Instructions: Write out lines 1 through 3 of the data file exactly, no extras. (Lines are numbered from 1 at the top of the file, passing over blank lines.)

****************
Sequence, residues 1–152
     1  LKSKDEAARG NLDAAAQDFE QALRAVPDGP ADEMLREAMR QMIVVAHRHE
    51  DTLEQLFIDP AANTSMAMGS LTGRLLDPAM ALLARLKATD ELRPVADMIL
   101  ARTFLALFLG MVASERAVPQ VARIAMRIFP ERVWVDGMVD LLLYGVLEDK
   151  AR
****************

Sequence, residues 1–152
     1  LKSKDEAARG NLDAAAQDFE QALRAVPDGP ADEMLREAMR QMIVVAHRHE
    51  DTLEQLFIDP AANTSMAMGS LTGRLLDPAM ALLARLKATD ELRPVADMIL